To fight discrimination, we need to fill the LGBTI data gap


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Despite some progress in the past two decades, lesbian, gay, bisexual, transgender, and intersex (LGBTI) people continue to face widespread discrimination and exclusion around the world.  Many of them suffer from punitive laws and policies, social stigma, and even violence. They may also be subject to lower educational attainment, higher unemployment rates, poorer health outcomes, as well as unequal access to housing, finance, and social services. As a result, LGBTI people are likely overrepresented in the bottom 40% of the population.
The adverse impacts on the health and economic wellbeing of LGBTI groups—as well as on economies and societies at large—tell us one thing: exclusion and discrimination based on sexual orientation and gender identity (SOGI) is a serious development issue. 

We’ve already taken the first steps to address this issue, such as quantifying the loss in productivity, but there is still a long way to go. Robust, quantitative data on differential development experiences and outcomes of LGBTI people is crucial, but remains scarce especially in developing countries. Such a research and data gap poses a major constraint in designing and implementing more inclusive programs and policies.
The World Bank’s SOGI Task Force—consisting of representatives from various global practices and country offices, the Gender Cross-cutting Solution Area, as well as the GLOBE staff resource group—has identified the need for quantitative data on LGBTI as a priority.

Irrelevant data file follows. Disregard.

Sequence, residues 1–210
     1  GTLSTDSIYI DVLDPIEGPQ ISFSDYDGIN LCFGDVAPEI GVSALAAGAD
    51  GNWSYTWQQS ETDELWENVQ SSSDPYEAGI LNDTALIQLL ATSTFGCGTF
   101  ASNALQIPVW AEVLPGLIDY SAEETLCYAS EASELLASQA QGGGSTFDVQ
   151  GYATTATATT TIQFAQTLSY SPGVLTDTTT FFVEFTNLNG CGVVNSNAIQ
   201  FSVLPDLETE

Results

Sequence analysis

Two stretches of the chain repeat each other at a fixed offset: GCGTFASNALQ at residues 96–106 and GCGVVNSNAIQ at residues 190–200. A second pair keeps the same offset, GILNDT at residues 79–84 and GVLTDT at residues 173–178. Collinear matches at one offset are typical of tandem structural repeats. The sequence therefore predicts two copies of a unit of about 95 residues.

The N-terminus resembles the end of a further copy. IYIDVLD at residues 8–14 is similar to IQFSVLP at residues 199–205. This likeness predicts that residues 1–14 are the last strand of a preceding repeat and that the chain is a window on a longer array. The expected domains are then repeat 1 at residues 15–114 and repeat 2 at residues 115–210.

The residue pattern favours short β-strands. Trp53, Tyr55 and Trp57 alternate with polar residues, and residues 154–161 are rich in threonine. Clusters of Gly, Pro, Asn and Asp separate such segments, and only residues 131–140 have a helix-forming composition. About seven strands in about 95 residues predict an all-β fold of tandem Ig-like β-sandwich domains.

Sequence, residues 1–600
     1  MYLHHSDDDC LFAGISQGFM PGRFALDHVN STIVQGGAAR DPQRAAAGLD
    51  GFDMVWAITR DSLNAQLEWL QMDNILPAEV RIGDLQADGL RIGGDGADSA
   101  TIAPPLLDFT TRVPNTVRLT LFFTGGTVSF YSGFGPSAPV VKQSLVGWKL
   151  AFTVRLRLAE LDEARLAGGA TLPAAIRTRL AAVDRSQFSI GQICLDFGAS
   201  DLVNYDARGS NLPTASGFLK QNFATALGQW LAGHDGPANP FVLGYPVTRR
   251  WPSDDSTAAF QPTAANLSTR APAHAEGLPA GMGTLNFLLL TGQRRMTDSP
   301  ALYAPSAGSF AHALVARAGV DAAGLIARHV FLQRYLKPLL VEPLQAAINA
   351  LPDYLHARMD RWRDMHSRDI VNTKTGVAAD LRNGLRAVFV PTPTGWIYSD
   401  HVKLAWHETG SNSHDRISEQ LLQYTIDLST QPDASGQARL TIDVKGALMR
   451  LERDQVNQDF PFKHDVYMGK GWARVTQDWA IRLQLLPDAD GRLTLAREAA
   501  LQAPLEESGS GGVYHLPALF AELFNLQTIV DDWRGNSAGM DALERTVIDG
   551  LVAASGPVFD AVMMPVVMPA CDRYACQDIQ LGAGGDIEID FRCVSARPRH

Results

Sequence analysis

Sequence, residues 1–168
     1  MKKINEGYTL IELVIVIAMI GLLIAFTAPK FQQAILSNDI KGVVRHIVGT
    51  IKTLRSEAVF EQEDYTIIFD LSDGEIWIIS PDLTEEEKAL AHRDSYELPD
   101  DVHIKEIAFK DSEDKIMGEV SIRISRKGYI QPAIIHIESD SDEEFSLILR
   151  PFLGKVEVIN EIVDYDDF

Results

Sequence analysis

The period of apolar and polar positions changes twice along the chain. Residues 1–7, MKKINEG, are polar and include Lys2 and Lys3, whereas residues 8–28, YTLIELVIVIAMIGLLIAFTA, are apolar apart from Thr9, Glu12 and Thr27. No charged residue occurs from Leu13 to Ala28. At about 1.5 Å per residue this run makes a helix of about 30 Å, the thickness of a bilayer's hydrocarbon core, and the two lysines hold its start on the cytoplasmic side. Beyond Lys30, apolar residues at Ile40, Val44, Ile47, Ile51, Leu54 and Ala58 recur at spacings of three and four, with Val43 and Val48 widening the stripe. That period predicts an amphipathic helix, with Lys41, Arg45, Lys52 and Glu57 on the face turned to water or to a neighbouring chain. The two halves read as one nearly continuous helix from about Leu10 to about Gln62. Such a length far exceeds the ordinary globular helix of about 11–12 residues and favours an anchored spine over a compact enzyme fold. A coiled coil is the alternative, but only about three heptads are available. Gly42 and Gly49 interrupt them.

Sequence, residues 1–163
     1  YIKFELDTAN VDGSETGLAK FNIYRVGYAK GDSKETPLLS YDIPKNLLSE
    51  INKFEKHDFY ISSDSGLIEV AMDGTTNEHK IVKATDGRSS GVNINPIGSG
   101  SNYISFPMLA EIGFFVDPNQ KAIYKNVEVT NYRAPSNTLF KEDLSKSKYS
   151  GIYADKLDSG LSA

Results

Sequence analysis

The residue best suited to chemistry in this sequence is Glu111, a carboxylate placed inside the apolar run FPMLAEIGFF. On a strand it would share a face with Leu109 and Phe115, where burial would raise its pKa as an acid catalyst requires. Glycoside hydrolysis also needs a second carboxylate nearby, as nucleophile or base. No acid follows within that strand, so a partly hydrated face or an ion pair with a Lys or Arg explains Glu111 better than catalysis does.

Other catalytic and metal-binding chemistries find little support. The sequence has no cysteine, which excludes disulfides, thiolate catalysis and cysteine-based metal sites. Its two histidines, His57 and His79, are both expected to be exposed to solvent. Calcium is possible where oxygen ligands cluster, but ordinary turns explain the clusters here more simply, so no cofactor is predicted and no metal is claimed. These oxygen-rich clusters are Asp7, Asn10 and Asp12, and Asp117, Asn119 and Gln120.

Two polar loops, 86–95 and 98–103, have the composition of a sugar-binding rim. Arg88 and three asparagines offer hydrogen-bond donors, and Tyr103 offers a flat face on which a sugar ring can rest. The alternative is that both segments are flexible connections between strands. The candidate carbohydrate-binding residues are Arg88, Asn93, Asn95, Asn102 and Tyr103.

On Zero Discrimination Day, the World Bank’s Senior Director Ede Ijjasz-Vasquez and SOGI Advisor Clifton Cortez explain the urgent need to fill the LGBTI data gap. They’ve also discussed why inclusion matters for development , as well as what can be done to end poverty and inequality for LGBTI and other excluded groups.

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Ede Ijjasz-Vasquez

Senior Director for the Social, Urban, Rural and Resilience Global Practice

Join the Conversation

March 01, 2017

Are there any specific data needs or dataset or indicators that you want collected or have planned?
Is there any sample data collected in one country that you want expanded to others?

Clifton Cortez
May 23, 2019

Yes, there are specific data needs that we have identified and that the World Bank, with others, will focus on addressing. Following the adoption of the Sustainable Development Goals UNDP led a global consultative process, in which the World Bank participated, that resulted in consensus on the highest priorities for addressing the LGBTI data gaps. These priorities all fall within 5 categories: political and civic participation; personal security and violence; economic wellbeing; health; and education. The World Bank will now lead, with UNDP, the second part of this global consultative process which will focus on arriving at consensus on the most important/relevant indicators under each of those 5 priority areas. Once identified, these indicators will be foundational for new research and data collection efforts on the lives of LGBTI people.  As well, the World Bank has a particular interest in new data collection efforts as relates to education, as well as economic opportunity.